MARKET REPORT: Financials suffer as Footsie falls into American bloodbath

`It was hardly an encouraging curtain raiser for the huge Halifax launch. Some of the more heady forecasts approaching 750p for the opening price were pulled back with the stock market seemingly settling for a level just above 700p when dealings start on Monday'
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Intel, the American computer giant, changed Footsie's program, at one time pushing the index below 4,600 points.

Before New York opened Intel sounded a second-quarter profits warning. Immediately shares, already looking rather drained, were marked sharply lower as market-makers anticipated an American bloodbath.

The Dow Jones Average duly suffered a sharp reversal but soon began to reduce its falls. Footsie, at one time down 76.4, also rallied to close 51.0 lower at 4,621.3.

It was hardly an encouraging curtain raiser for the huge Halifax launch. Some of the more heady forecasts approaching 750p for the opening price were pulled back with the stock market seemingly settling for a level just above 700p when dealings start on Monday.

Yesterday's auction of the 23 per cent of Halifax that members of the former building society did not want could smooth Monday's opening session although most observers predict stock market pandemonium in early trading.

Financials, as befits a high- flying sector, took the New York rumble badly. Abbey National, closing at 961p a little over two weeks ago, fell 21p to 880.5p. Alliance & Leicester lost 2.5p to 612p.

Barclays, which could find itself with a similar market capitalisation to Halifax, gave up 31p to 1,187p. National Westminster fell 21p to 744.5p and Lloyds TSB 14.5p to 614p.

The rout extended to insurers with Legal & General off 19p to 441p and GRE 12p to 278.5p.

Amersham International, the health care group, was the day's best-performing share, rising 92.5p to 1,392.5p. It confirmed it was in talks to merge its life science operation with a similar business owned by Pharmacia & Upjohn, the Swedish-American drugs group.

GKN the engineer again ignored the gloom. The shares put on 12p to 1,059.5p as another circular appeared, this time from Daiwa, the Japanese investment house. GKN is expected to produce a strategic review in the next few months. Its shares have been weighed down by a US court judgement which could have wiped out last year's profits. The award has been cut to pounds 240m and GKN has put aside pounds 270m.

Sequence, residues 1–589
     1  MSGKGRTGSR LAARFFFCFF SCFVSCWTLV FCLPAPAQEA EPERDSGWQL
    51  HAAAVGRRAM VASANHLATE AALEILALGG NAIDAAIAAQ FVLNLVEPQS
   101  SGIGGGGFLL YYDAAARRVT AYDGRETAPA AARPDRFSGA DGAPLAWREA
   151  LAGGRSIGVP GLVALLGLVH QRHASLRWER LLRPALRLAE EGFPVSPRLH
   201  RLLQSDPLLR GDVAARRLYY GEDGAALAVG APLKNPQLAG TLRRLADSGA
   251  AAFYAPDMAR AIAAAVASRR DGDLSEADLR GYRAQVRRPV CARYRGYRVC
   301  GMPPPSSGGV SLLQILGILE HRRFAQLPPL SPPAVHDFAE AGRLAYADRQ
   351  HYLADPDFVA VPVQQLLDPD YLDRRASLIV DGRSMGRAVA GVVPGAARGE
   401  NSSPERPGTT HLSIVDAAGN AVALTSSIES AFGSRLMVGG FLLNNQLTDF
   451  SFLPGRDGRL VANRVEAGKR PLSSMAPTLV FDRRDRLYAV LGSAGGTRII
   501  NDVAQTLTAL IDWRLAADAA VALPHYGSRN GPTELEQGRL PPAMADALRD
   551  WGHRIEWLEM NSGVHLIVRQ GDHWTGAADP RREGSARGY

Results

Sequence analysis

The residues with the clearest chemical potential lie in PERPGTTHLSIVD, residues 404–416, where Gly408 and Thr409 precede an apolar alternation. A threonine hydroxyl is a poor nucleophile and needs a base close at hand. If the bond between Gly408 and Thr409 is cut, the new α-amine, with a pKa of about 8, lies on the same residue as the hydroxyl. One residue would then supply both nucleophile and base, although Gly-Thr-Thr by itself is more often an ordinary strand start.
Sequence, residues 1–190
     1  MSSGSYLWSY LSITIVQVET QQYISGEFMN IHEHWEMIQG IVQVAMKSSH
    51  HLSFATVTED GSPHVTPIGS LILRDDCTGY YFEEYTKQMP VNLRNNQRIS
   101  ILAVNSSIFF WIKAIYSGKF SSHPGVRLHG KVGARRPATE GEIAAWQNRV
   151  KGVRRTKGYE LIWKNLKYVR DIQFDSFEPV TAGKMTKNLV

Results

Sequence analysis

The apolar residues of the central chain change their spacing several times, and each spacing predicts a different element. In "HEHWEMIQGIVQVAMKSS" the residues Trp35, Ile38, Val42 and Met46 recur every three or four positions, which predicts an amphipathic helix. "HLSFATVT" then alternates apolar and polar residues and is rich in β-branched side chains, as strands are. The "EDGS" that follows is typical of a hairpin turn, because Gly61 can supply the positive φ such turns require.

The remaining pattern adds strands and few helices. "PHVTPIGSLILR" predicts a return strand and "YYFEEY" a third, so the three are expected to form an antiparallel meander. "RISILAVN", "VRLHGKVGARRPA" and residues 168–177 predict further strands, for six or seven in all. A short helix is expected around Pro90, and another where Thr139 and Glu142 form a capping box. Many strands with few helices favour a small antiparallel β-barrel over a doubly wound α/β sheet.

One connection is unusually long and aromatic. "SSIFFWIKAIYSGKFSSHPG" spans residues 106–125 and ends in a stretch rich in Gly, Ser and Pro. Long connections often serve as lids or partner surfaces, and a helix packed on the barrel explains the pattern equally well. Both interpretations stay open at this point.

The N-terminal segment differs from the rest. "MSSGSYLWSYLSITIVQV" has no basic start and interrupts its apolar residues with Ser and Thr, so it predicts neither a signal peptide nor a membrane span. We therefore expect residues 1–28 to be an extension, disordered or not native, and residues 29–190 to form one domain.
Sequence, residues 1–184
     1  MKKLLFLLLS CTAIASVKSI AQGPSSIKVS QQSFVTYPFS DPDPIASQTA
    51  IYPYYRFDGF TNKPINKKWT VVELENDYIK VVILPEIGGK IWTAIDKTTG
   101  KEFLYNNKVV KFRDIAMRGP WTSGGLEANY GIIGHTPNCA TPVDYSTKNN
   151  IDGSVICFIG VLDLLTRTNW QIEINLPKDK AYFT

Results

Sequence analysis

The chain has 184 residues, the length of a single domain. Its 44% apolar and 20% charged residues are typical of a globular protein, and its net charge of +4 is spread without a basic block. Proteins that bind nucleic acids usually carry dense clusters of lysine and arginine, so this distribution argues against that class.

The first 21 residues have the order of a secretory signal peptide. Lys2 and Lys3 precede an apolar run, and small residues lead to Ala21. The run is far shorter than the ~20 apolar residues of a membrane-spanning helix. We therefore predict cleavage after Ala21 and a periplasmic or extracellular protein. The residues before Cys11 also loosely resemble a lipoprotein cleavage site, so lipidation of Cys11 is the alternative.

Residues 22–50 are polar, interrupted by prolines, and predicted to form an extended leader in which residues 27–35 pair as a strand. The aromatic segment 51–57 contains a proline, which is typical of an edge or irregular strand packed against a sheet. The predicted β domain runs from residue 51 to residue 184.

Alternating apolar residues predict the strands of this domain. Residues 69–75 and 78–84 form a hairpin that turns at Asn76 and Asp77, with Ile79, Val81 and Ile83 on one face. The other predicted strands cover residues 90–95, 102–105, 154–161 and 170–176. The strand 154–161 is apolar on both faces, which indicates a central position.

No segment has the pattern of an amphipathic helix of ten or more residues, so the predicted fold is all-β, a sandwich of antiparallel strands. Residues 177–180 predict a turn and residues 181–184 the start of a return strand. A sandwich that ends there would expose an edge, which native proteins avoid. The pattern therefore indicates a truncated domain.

Daiwa analyst John Buckland is looking for profits of pounds 400.8m this year and pounds 414.6m next. The shares, largely on the US problems, were down to 911p at the start of this month. They have rallied as favourable analyst reports have appeared. TI was the best-performing blue chip, up 11.5p to 572p.

Gallaher's reappearance lifted the tobacco contingent to three. The shares did touch 312.5p but the expected wave of US selling pushed the price down to 271.5p; it closed at 275.5p. BAT Industries, for long the market's only tobacco group, rose 14p to 547.5p, but Imperial Tobacco, which like Gallaher returned to market after a long absence, was little changed at 385p.

BSkyB, off 15.5p to 575p, was hit by the Office of Fair Trading challenge to its football coverage.

Suggestions the Monopolies & Mergers Commission wants to end recommended retail prices by electrical retailers clipped 10p to 465p from Dixons and 6.5p to 713.5p from Kingfisher. A cautious trading statement lowered Laura Ashley 3p to 92.5p, a 12- month low. In September the shares touched 219p.

A profit warning from Nike, the US sports goods maker, took the edge off sports retailers with Blacks Leisure trimmed 9.5p to 539.5p.

Vendome, the luxury goods group, drifted 33p lower to 466.5p on ABN Amro Hoare Govett caution and FKI, the engineer, added 1.5p to 179p on Panmure Gordon confidence.

Century Inns rose 1.5p to 186p; it duly rolled out the takeover of Pubmaster's managed pubs for pounds 35.1m. Lopex, the marketing group, fell 4p to 32p after calling off talks with possible bidder Incepta, a public relations group. Incepta gained 0.75p to 19.75p.

David Glass, a property management concern, rose 13p to 115.5p as rival Safeland acquired a 19.35 per cent at 130p a share from the Glass family.

PizzaExpress, the eating out chain, had another speculative run, up 19p to 682.5p.

Westmount took up the Falkland oil run, gaining 3p to 120.5p and Fortune Oil, with interests in China, firmed 1p to 15.5p, reflecting bullish trading comments this week.

A profit warning reversed Nightfreight 4.5p to 37.5p.

On Ofex, Wellington Market Co, running 22 markets, held at 85p. It is scoring from the fine weather with Easter's trading up 25 per cent; acquisitions are in the pipeline.

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